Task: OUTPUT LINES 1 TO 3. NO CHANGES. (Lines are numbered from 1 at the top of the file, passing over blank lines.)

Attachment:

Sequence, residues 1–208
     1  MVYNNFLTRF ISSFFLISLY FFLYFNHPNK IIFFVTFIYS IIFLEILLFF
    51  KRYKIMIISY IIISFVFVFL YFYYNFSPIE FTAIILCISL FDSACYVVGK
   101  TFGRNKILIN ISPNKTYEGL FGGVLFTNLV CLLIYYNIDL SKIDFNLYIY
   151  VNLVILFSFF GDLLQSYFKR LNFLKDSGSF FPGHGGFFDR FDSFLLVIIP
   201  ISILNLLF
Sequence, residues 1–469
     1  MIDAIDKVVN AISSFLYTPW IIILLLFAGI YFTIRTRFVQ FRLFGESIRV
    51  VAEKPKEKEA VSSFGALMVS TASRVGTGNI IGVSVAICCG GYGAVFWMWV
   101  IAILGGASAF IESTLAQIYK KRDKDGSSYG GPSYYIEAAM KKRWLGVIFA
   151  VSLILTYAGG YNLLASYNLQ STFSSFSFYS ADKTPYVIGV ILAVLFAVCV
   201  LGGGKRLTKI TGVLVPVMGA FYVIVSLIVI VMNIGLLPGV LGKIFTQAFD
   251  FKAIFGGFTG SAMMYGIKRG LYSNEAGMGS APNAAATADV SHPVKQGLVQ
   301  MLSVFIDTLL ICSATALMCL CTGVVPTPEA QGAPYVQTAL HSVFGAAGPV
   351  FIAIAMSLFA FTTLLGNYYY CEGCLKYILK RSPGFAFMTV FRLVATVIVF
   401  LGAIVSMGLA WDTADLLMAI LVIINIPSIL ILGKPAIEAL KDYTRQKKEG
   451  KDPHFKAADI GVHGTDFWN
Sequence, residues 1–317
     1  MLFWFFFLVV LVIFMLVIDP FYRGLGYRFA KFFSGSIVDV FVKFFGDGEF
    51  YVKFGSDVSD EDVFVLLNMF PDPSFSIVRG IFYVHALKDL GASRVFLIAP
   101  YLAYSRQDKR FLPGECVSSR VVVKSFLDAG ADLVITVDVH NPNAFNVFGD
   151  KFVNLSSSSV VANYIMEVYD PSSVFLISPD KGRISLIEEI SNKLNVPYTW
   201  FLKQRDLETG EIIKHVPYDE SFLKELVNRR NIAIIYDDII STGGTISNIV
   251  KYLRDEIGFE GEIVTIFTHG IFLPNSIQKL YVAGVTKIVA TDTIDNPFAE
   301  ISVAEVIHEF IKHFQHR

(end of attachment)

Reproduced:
Sequence, residues 1–208
     1  MVYNNFLTRF ISSFFLISLY FFLYFNHPNK IIFFVTFIYS IIFLEILLFF
    51  KRYKIMIISY IIISFVFVFL YFYYNFSPIE FTAIILCISL FDSACYVVGK